As for the bit about Joseph and Mary visiting his mom’s house, it has just as much credibility as the nativity story itself. I wasn’t there and I admit that I made it up as I went. Come to think of it, Matthew and Luke weren’t there either! But they displayed precise locations and exact quotes by people they never met. They were so busy coming up with such details that they forgot to pinpoint when Jesus was born! A pope had to decide that hundreds of years later. But overall, for the times, they were great story tellers even though it’s questionable that Matt and Luke ever wrote the first word of it.

    1. Onusonus profile image79
      Onusonusposted 3 years agoin reply to this

      Nice Christmas message. Do you intend on taking a wiz on the American flag for independence day while you're at it?

    2. Sed-me profile image84
      Sed-meposted 3 years agoin reply to this

      So... nothin' on TV tonight?

    3. Paul K Francis profile image81
      Paul K Francisposted 3 years agoin reply to this

      Very imaginative post. Now try writing something with a little love behind it, a little bit of that good old Christmas spirit. Happy Holidays to you and yours.

  2. wilderness profile image96
    wildernessposted 3 years ago

    Please!  Get your facts straight!

    No pope set the date for Christ's birth.  That was done by Sextus Africanus, a Christian traveler and historian of the late 2nd/early 3rd centuries.

    Sextus calculated the date of creation as 5723 years before AD 221 (the end of his written history).  He further calculated the time span between creation and the incarnation (creation of Christ) as 5500 years; this gives the date of conception as Mar. 25, 1BC.  Nine months later we have the birth of Christ on Dec. 25. 

    As a check, we know that all prophets died on the anniversary of either their birth or conception: in this case it was the conception as the birth was in Dec.  Later shenanigans by the church concerning the date of Easter does not change the magnificent calculations of Sextus.

  3. ahorseback profile image76
    ahorsebackposted 3 years ago

    So here's a question for you Paul ,  with all due respect ,  Is it only Christian biblical  history and writings and folklore that you  wish to bash or do you have the  gumption to attack  lets say .......The Muslim faith and its stories as well ?  Why don't you maybe   critique the Islamic faith too , Just asking , yet I'm always curious  as to why anti- Christians are the only ones  criticized by anti- s?   Oh , I remember - it's very safe and its simply politically correct these days too  , do you  wear bell- bottoms too - nice fad dude !

  4. Kathryn L Hill profile image79
    Kathryn L Hillposted 3 years ago

    Okay I will, since people seem to want it. I wrote this in 1968. I was 13.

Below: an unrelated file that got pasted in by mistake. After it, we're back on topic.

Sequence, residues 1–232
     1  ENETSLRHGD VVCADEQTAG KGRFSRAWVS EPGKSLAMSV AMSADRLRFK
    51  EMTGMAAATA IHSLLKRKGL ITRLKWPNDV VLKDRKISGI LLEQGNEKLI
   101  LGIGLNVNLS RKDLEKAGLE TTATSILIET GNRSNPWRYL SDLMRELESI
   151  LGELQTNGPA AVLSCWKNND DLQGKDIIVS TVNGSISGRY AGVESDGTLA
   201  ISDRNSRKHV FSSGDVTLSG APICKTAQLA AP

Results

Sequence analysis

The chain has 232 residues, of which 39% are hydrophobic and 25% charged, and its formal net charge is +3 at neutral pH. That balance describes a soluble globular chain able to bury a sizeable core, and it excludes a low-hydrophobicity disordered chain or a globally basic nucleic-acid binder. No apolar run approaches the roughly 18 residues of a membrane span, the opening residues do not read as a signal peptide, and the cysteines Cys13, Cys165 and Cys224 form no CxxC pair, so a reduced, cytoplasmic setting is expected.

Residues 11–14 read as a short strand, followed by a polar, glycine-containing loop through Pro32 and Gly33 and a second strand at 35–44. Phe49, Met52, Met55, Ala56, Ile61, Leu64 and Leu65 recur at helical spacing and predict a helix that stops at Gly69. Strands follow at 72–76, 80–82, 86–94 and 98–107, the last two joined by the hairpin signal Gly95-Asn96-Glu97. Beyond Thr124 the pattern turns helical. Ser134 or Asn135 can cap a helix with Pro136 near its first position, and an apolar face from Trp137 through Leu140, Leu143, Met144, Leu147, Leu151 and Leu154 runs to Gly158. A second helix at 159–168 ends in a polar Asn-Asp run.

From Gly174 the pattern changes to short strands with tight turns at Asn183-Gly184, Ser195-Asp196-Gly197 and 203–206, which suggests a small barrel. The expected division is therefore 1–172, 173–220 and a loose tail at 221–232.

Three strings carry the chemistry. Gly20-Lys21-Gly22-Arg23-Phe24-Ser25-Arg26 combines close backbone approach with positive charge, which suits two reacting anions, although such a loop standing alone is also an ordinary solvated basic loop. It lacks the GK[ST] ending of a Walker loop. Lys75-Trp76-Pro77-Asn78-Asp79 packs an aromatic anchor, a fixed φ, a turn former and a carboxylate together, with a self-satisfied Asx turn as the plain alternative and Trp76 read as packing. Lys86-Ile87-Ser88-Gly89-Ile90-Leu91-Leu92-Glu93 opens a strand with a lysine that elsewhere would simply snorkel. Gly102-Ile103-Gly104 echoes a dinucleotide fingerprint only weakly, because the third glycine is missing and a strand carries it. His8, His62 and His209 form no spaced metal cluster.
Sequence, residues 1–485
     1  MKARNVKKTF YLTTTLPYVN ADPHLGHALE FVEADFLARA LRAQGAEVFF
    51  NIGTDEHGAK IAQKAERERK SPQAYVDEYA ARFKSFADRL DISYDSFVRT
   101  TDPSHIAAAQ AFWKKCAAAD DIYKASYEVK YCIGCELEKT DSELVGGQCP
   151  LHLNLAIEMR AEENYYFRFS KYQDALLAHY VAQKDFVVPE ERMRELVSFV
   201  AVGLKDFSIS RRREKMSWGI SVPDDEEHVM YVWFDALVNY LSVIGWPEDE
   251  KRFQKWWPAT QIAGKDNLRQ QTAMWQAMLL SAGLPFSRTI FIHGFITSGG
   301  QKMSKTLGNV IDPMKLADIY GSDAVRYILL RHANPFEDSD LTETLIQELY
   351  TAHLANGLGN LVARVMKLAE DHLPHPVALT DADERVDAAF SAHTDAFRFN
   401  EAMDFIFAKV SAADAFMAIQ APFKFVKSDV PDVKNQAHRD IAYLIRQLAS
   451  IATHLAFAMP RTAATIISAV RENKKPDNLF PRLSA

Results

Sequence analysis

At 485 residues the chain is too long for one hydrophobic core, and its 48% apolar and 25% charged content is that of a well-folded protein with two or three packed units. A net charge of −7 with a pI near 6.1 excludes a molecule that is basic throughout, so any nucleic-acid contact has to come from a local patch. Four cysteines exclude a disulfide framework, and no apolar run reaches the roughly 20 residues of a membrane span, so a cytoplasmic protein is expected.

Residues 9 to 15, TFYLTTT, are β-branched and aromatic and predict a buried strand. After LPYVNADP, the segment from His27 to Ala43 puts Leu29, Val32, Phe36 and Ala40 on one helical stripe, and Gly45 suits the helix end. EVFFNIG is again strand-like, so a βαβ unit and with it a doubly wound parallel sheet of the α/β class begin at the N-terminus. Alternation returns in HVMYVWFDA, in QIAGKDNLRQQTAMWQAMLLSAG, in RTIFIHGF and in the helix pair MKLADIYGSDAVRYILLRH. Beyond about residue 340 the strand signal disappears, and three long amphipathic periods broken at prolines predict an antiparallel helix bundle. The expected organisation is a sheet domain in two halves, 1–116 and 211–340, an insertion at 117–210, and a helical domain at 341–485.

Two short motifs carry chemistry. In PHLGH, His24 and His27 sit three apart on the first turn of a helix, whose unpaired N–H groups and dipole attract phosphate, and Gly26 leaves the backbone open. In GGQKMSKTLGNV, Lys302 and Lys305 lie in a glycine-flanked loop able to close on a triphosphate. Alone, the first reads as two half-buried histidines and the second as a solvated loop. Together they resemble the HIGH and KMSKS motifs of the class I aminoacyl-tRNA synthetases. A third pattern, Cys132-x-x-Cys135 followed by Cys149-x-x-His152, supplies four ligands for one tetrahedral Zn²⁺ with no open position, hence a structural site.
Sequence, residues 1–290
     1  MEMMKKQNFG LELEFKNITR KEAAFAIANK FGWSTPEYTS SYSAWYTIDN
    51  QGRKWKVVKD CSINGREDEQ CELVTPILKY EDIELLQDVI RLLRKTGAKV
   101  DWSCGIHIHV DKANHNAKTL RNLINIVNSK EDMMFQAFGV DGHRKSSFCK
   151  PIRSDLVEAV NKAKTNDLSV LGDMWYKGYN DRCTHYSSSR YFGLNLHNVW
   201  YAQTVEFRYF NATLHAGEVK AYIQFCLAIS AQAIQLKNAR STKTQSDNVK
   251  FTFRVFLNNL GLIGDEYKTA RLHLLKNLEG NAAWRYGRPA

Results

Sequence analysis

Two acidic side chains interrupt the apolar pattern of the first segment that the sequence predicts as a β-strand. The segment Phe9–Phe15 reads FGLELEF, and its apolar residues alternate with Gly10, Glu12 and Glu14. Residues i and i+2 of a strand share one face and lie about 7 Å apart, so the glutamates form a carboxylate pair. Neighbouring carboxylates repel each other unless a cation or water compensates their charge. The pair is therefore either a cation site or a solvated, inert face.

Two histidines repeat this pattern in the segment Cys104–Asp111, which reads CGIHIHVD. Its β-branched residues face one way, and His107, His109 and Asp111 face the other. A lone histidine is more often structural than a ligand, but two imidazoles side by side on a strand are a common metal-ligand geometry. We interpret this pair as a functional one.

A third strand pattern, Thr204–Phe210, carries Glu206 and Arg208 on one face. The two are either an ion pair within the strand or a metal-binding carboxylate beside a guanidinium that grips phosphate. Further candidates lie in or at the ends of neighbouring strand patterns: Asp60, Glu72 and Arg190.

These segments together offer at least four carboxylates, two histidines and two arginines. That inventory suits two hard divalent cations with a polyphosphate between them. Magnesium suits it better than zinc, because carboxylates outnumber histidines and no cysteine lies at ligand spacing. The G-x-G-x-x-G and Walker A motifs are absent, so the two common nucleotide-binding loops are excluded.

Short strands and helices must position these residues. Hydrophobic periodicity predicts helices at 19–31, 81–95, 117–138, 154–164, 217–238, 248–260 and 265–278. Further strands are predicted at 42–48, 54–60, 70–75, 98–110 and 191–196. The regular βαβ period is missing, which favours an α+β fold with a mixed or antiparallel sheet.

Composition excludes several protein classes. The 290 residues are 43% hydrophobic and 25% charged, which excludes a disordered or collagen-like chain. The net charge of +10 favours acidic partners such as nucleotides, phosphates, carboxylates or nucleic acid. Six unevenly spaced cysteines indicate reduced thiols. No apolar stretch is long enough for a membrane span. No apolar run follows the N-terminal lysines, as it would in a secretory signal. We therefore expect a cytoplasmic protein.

A Christmas Story
    By KLE

    A new born wide eyed lamb stood looking out of his barn window. Content and full after being nursed warm milk by his proud mother, he decided to see what was beyond his chilly but peaceful home. He peered out and saw busy people rushing about all over the town. The mishmash of voices drowned out the meek calls of poor peasants peddling their goods. The slap of the whip on newly bought slaves sounded like a death song. Donkeys, tired after their long journeys, slowly dragged themselves with drooped heads. The little lamb shuddered and stepped back at the sight of all this and felt thankful that he was not a donkey being beaten by his master, forced to travel over rugged and tedious terrain.

    Then, a weary couple caught his curious new eyes. On a donkey, unlike the other poor beaten animals, but a proud and confident donkey who kept his head high even after a long journey, was a woman. Her head was lowered, but she was not sad; just fatigued, yet hopeful. Along side of her was her watchful husband, who had come to pay his hard earned money to the greedy tax collectors.

    Soon, the couple seemed to be having much trouble. The lamb watched while they looked desperately for a room. Finally, a man pointed hurriedly to the barn where the lamb stood. They thankfully made their way to the barn and entered it. The woman spoke in a kind and soothing voice. Instantly, the lamb sensed that these two were important peasants who would do no harm. The lamb was not afraid and followed the couple as they made their way toward a manger.

    As they settled in, a warmth seemed to fill the hay covered manger. The animals were not afraid and lie down to keep the tired Mary warm; a light seemed to glow where the couple were. The noise outside ceased as the brilliant golden-red sun slid into the horizon. If there was any bitterness outside, it did not penetrate through the thin yet strong walls of the cozy barn. All was peaceful and all was silent.

    Soon the watchful and curious animals dozed into silent slumber, but the lamb, not yet sleepy, watched on. As he observed the pair, he heard the first sounds of the night. The chirp of the crickets,  the hooting of owls and the rustle of leaves in the soft breeze filled him with gladness. Suddenly a cry was heard. The cry of of a child; small, but healthy. The animals were awakened and joined the prayers of the thankful parents of the small innocent child that would soon bring the world to peace. The lamb nudged over and licked the small child that was wrapped only in swaddling clothes. Then, the babe smiled and the lamb was filled with happiness. He wished he could smile back at the child, Jesus, whose cry has echoed through the centuries.